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The FCC has voted to repeal Net Neutrality Rules


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FCC Commissioners, Ajit Pai

On the 14th of December the FCC convened to vote on the future of Net Neutrality and they voted 3-2 to remove the rules. 

Ajit Pai, current FCC chairman was the main driving force behind the removal of Net Neutrality and has often said that Net Neutrality rules have been stifling investment in the broadband infrastructure. 

Mr. Pai failed to mention that major ISPs themselves said that Net Neutrality rules have not affected their investment whatsoever. He also failed to supply evidence for his claims that smaller ISPS were also at a disadvantage due to Net Neutrality rules. 

All of this took place as nationwide protests, particularly outside of the FCC headquarters, where the vote took place. Not only in the US have people made their voices heard, people across the globe have been voicing their affront to the removal of Net Neutrality rules.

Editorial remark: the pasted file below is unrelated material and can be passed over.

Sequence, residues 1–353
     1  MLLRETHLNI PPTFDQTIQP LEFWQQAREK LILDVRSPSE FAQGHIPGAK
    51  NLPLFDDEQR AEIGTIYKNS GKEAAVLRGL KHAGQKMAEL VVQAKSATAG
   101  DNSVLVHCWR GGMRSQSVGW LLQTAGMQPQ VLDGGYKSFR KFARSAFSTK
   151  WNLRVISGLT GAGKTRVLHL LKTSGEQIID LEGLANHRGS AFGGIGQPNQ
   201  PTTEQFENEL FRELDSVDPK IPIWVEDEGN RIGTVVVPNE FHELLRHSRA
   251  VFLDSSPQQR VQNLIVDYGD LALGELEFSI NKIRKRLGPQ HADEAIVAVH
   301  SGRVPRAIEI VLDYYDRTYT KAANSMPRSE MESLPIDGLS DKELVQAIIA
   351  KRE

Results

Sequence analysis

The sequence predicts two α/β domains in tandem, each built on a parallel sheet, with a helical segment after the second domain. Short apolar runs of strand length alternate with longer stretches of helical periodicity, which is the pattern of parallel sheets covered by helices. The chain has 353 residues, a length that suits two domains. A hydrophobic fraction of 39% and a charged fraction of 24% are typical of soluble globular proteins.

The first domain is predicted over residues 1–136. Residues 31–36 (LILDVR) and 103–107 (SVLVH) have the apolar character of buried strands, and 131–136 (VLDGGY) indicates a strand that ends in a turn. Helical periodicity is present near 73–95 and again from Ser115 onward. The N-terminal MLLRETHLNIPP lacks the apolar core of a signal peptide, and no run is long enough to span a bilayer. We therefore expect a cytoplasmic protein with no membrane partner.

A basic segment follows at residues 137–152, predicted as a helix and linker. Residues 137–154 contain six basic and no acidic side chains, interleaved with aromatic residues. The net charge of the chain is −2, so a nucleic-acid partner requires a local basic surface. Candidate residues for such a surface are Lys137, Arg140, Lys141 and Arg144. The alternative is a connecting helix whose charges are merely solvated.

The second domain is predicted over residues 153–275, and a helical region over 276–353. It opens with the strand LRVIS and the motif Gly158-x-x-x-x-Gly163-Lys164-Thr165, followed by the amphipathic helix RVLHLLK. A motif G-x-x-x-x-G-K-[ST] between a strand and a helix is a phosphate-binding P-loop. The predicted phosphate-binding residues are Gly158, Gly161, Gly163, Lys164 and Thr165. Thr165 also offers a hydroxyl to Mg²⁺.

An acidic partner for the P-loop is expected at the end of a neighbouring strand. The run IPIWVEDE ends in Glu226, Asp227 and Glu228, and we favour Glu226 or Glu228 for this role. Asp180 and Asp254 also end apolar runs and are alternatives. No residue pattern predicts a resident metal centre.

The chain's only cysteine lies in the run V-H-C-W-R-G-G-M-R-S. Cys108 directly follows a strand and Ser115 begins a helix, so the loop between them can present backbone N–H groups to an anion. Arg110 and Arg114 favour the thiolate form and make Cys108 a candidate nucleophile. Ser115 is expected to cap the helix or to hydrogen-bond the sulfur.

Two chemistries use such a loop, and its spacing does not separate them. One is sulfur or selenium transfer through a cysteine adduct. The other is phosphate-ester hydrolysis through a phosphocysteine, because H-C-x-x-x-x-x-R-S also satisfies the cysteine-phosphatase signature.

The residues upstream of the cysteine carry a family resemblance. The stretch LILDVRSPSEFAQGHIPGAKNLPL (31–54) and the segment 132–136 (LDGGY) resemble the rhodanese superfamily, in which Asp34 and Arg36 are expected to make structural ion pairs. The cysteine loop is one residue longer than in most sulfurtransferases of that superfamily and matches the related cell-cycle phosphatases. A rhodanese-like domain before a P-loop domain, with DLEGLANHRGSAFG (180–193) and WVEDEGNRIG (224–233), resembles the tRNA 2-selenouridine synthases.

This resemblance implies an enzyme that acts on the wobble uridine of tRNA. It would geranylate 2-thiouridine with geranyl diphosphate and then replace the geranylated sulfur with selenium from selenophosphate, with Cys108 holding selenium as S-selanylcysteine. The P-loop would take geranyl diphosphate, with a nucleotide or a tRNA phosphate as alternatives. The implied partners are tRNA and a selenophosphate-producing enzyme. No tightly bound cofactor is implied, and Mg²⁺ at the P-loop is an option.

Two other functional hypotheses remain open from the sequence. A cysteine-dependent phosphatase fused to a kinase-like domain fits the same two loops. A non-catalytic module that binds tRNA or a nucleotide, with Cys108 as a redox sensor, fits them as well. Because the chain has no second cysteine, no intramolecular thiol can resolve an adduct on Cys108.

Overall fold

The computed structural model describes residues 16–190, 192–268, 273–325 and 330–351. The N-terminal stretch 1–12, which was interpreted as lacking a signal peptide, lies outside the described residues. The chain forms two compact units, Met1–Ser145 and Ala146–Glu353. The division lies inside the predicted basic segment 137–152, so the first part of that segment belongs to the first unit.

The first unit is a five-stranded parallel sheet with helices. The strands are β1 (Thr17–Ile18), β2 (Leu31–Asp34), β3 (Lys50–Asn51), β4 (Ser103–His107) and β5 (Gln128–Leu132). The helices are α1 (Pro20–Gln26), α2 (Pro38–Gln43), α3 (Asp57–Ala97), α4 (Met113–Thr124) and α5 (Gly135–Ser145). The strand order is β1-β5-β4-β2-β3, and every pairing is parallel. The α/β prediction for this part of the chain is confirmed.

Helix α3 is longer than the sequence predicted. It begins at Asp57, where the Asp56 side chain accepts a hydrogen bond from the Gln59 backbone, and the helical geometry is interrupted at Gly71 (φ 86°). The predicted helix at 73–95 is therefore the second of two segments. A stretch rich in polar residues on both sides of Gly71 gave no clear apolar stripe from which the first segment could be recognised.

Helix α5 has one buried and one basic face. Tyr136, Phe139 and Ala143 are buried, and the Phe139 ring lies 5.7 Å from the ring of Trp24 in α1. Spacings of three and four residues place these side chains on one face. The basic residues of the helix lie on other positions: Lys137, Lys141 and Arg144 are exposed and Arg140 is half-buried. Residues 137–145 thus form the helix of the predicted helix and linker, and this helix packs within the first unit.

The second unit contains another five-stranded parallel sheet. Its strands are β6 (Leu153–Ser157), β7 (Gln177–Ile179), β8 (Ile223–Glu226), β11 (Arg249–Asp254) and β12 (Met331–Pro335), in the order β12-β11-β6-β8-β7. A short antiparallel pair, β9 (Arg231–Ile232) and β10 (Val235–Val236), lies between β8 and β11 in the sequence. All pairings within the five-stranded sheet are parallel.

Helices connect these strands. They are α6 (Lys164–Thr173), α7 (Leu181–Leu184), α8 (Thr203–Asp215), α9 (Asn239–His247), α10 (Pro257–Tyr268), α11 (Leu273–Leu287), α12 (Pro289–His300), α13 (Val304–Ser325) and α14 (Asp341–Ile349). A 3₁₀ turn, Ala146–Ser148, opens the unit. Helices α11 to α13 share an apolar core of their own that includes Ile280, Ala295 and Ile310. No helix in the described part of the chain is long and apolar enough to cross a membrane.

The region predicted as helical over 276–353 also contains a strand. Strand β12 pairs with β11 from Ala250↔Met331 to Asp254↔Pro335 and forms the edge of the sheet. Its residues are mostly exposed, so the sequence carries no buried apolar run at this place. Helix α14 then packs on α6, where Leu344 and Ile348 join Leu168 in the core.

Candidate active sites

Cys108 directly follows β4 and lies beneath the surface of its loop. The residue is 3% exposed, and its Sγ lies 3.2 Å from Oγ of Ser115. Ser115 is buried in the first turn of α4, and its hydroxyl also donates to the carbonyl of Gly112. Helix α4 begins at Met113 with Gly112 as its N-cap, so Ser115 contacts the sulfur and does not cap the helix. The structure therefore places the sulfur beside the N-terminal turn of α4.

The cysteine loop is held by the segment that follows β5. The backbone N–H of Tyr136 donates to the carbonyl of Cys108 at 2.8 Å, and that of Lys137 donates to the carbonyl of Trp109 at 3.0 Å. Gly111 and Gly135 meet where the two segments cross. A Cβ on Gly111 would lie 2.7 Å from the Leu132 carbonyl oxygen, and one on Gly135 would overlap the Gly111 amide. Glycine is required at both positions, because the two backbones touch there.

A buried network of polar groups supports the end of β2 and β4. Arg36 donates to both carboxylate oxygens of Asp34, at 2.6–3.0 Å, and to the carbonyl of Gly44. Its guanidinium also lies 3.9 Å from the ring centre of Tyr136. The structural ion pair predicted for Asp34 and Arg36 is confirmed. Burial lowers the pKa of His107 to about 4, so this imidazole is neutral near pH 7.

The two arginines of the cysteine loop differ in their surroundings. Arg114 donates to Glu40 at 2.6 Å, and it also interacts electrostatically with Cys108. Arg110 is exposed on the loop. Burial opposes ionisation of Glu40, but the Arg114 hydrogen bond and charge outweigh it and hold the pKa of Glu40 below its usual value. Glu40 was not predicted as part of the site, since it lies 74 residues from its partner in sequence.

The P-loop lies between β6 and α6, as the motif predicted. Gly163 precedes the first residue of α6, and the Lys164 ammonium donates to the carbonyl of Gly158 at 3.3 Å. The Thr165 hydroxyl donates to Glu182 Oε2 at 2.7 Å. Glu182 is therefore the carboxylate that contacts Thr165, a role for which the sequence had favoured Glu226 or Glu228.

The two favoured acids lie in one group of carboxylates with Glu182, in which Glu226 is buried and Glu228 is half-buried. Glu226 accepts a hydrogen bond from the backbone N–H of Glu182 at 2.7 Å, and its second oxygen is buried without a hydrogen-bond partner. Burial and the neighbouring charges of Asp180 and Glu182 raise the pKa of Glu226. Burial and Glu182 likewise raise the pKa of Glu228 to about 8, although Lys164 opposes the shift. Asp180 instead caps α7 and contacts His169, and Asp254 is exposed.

The FCC will have to defend its decision in court as many pro-Net Neutrality organisations are looking to appeal the decision. 

What does the removal of Net Neutrality mean for US citizens?

Great powers have now been bestowed amongst the major ISPs in the United States. They can now freely block and throttle any website or service they see fit. The only protections in place for consumers now is that ISPs must clearly state what exactly has been throttled or blocked. 

Ajit Pai said that market power will help keep prices and blocks/throttles to a minimum, but he failed to mention that about 50% of households in the United States only have access to one ISP. For those households they have no choice, other than to have no internet. 

Public perception

Many American citizens see this vote as nothing more than a showcase of the disdain that the FCC have for the people they should be protecting. People have made their voices heard loud and clear as to what they thought about this vote, but still unelected officials saw fit to go against the will of the American people. 

All the hope that is left for saving Net Neutrality will go into the future court proceedings.